The federal case brought by Van Nuys resident Mark Pedante is part of multidistrict litigation consolidated in the courtroom of U.S. District Judge André Birotte and concerns Ford Motor Co. PowerShift transmissions that were used in 2011-2016 Fiestas and 2012-2016 Focuses, about 1.5 million vehicles in total.
Pedante purchased a new Focus in 2013, but despite the car only having 70,000 miles on it, it has needed eight new clutches installed due to a series of problems where the car would vibrate, lose power or have other acceleration and deceleration problems, Pedante’s attorney Bryan Altman of the Altman Law Group told the jury during openings.
Ford knew about the problems with the PowerShift long before Pedante purchased his vehicle due to its worldwide tracking system of warranties, and the PowerShift was found to have an overall failure rate of 100%, he said.
“The problem was that this new system malfunctioned often, and when it malfunctioned it was extreme,” Altman told the jury.
The federal cases were consolidated into the MDL in January 2018, and Ford agreed in March of the year to provide “substantial cash payments” and other benefits to owners of the Fiesta and Focus models that had to be repaired because of the allegedly malfunctioning transmissions. It’s a “claims made” agreement under which Ford must pay out all legitimate claims, so there’s no set value, but an expert for the drivers has estimated its value at $35 million.
The drivers who opted out opposed the settlement’s compensation structure, as those who don’t opt out would be forced into arbitration to pursue damages that they say are almost impossible for many to collect.
When Pedante approached Ford in 2016 — while on his fourth clutch — about repurchasing his Focus, he “was told to go pound sand,” Altman said, despite the state’s Song-Beverly Consumer Warranty Act, which requires manufacturers to replace or repurchase faulty products after a reasonable number of repair attempts.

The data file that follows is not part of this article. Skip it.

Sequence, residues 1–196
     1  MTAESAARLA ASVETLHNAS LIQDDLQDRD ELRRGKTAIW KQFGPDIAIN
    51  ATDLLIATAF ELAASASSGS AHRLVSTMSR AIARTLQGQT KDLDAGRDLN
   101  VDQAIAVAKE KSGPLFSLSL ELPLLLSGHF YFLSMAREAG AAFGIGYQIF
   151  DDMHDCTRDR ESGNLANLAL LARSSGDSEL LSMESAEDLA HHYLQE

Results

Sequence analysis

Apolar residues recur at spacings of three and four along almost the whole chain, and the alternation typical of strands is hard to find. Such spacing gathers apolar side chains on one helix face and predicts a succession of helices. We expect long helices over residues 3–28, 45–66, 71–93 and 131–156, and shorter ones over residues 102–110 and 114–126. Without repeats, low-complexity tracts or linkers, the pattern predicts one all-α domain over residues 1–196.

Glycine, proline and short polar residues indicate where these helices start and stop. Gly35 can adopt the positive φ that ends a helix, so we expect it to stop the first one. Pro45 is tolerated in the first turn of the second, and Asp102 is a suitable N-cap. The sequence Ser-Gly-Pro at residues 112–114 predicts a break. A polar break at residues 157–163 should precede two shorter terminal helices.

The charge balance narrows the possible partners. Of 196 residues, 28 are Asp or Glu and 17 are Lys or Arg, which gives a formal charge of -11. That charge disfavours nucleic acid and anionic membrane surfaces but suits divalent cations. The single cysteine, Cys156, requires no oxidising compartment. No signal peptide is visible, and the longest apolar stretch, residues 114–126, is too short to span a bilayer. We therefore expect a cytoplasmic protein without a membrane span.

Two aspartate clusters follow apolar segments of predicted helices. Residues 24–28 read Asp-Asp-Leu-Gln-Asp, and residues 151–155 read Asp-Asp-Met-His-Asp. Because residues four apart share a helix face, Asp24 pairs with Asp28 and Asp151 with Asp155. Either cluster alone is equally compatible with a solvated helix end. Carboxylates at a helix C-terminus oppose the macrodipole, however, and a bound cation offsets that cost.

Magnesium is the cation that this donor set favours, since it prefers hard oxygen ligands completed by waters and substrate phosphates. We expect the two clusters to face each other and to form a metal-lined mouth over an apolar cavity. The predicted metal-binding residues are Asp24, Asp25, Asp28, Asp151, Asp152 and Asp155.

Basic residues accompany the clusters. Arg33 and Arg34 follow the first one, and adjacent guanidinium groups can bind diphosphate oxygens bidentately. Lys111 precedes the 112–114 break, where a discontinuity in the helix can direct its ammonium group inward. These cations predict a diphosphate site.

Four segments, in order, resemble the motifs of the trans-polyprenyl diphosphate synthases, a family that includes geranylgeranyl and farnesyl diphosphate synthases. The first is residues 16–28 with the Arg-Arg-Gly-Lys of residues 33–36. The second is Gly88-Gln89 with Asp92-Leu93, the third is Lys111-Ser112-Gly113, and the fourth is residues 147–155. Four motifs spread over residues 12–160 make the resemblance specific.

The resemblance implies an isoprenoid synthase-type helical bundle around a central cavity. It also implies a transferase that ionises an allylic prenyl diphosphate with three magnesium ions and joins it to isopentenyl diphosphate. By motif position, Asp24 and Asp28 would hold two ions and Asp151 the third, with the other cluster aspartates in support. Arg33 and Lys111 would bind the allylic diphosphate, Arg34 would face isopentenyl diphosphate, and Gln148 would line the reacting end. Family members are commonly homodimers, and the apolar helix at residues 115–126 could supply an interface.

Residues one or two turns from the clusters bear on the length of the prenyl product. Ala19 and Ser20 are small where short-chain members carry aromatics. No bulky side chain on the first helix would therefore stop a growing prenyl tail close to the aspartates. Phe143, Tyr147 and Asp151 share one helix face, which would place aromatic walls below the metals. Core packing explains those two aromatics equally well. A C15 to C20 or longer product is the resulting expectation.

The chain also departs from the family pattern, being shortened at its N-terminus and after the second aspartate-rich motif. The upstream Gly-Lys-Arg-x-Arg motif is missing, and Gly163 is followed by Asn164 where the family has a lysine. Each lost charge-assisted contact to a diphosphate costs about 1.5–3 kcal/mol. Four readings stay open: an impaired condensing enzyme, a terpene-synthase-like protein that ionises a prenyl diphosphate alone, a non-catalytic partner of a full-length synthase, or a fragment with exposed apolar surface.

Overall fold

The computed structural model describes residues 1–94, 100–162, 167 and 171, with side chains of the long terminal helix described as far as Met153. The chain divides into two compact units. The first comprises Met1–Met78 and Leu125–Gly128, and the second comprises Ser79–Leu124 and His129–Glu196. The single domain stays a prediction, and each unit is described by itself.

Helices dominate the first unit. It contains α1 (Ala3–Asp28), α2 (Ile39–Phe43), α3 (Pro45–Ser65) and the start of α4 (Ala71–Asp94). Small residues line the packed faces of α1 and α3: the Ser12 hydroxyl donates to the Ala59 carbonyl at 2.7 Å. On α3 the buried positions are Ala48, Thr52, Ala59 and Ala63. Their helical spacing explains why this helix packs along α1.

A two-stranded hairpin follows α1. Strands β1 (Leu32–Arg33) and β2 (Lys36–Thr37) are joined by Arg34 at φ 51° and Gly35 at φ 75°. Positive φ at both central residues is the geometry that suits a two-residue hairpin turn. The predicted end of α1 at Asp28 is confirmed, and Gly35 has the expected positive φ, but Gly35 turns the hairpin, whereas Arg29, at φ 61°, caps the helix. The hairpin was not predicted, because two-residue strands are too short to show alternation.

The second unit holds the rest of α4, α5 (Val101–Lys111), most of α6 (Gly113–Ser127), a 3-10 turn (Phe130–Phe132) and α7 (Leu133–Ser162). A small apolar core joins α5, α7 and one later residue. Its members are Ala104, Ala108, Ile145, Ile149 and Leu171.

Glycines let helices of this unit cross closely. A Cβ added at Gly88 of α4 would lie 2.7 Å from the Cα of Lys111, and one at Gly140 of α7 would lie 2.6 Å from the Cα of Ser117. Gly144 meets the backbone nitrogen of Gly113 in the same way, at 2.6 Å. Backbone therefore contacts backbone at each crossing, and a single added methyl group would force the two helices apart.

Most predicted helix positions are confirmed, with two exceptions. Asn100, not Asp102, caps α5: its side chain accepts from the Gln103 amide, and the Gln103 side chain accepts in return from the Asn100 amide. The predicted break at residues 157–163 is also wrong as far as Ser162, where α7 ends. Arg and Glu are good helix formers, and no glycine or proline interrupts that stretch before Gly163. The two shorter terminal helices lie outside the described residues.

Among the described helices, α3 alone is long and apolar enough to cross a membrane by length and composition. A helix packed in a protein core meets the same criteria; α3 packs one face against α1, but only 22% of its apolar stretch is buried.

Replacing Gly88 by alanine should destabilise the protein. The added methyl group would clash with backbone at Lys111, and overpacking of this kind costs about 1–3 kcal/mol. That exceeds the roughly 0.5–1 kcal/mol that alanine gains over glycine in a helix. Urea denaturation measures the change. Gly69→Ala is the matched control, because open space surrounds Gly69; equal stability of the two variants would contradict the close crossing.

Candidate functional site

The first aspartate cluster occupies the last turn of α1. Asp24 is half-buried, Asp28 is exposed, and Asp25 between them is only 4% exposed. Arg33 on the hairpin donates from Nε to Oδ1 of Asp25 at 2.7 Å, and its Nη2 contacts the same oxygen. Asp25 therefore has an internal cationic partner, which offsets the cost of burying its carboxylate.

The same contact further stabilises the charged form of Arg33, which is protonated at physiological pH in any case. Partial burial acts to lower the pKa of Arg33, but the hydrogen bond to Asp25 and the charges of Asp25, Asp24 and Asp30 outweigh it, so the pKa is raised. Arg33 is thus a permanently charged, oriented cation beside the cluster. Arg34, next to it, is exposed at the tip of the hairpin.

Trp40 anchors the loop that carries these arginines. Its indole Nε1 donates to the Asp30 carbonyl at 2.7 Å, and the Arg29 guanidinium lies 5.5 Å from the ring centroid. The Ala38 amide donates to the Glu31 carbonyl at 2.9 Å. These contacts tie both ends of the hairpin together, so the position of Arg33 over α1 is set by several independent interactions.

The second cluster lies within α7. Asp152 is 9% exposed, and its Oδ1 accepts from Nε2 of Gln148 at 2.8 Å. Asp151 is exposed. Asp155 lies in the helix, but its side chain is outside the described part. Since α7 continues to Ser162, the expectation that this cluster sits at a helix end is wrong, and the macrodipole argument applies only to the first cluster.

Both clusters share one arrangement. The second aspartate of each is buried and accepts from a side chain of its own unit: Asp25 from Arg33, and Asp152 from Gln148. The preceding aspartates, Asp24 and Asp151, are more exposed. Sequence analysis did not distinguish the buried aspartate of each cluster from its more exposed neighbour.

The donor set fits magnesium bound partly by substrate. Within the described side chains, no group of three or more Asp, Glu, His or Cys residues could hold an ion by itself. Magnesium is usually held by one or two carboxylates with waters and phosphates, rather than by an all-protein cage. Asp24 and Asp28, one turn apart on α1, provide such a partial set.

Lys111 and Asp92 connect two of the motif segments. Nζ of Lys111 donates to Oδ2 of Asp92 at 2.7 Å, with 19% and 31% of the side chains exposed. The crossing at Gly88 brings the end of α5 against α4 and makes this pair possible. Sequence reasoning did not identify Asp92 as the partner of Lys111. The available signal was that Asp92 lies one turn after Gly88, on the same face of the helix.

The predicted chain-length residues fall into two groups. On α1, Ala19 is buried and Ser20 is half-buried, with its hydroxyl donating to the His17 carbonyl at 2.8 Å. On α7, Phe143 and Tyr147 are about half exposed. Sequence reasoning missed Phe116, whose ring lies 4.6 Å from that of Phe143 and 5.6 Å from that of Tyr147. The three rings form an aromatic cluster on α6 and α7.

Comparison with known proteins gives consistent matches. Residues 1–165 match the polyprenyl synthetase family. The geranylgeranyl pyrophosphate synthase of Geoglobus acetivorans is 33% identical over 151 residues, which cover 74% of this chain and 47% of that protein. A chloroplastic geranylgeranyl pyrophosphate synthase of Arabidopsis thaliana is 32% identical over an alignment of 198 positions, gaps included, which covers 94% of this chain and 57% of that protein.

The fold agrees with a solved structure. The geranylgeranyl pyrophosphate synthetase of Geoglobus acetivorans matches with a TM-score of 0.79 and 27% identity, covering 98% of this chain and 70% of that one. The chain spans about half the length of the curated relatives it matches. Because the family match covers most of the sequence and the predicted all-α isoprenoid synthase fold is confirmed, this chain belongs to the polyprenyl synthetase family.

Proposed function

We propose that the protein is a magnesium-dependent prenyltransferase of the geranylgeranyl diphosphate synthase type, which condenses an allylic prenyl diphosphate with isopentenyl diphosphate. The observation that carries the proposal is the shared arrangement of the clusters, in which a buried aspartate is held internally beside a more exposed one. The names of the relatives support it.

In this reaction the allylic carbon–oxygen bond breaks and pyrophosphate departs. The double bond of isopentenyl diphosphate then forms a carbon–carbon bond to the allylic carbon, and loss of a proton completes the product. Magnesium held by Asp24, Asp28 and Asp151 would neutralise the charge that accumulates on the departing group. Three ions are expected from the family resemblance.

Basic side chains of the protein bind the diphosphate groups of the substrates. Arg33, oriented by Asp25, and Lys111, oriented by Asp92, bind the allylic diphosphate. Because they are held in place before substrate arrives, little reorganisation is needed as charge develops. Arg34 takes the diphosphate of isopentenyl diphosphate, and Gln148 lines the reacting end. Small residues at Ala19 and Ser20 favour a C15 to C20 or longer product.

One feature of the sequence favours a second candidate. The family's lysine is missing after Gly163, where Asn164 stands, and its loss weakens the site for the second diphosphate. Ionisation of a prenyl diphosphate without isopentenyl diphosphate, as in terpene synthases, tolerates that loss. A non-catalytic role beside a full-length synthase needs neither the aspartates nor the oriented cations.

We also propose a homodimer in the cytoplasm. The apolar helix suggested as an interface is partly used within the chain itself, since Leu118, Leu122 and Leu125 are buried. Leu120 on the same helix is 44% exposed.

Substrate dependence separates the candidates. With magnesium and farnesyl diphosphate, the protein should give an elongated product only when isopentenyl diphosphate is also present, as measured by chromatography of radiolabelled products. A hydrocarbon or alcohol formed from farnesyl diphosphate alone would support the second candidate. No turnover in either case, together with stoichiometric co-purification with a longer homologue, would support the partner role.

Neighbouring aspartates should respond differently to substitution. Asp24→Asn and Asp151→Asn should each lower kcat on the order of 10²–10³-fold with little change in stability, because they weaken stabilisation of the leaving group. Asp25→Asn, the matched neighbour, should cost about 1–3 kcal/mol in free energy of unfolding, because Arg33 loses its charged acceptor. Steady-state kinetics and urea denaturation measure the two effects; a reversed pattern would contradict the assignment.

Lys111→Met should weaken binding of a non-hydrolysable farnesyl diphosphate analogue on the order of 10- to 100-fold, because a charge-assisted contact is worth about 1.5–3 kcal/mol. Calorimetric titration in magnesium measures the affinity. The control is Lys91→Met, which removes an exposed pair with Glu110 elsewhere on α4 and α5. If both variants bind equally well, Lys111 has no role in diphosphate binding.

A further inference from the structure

Altman said Pedante is seeking relief for Ford’s violations of the Song-Beverly Act and for punitive damages. He also told the jury that after years of denials, Ford informed his legal team on Friday that the company was going to admit it broke the law.
Frank P. Kelly of Shook Hardy & Bacon, who is representing Ford, told the jury that his client acknowledges there are problems with the PowerShift and with Pedante’s vehicle, but that it is limited to a vibration felt in the driver’s seat known as a “shutter” that occurs for about one second at low speeds.
Kelly said the evidence would show that Pedante’s car “is, was, and continues to be a safe car for him to drive.”
Altman told Law360 after court that he represents about 170 of the MDL clients, but that there are also roughly 300 cases in California state court and he represents about 150 of them.
He also said that the first case in the nation to go to court over Ford’s PowerShift was a client of his, Ariel Myers, who won a nearly $700,000 judgment in July 2018 from a jury in Los Angeles Superior Court.
“It’s because of that case that you see they’ve got about 15 lawyers on this one,” he said, referring to the large size of Ford’s legal team that was in court.
Altman said that although the case is the first in the MDL to go to trial, it is not necessarily serving as a bellwether case because Judge Birotte stuck the fraud claims, a claim central too many of the other lawsuits. The jury in the Myers case found that Ford has committed fraud, although Ford has filed an appeal.
Kelly declined to comment, and Ford did not immediately respond to a request to comment.
Pedante is represented by Bryan C. Altman of Altman Law Group and Russell W. Higgins of Knight Law Group LLP.
Ford is represented by Frank P. Kelly of Shook Hardy & Bacon and Spencer Peter Hugret of Gordon Rees Scully Mansukhani LLP.
The case is Pedante v. Ford Motor Co., case number 2:17-cv-06656, and the MDL is In re: Ford Motor Co. DPS6 PowerShift Transmission Products Liability Litigation, case number 2:18-ml-02814, both in the U.S. District Court for the Central District of California.
—Additional reporting by Kevin Penton and John Kennedy.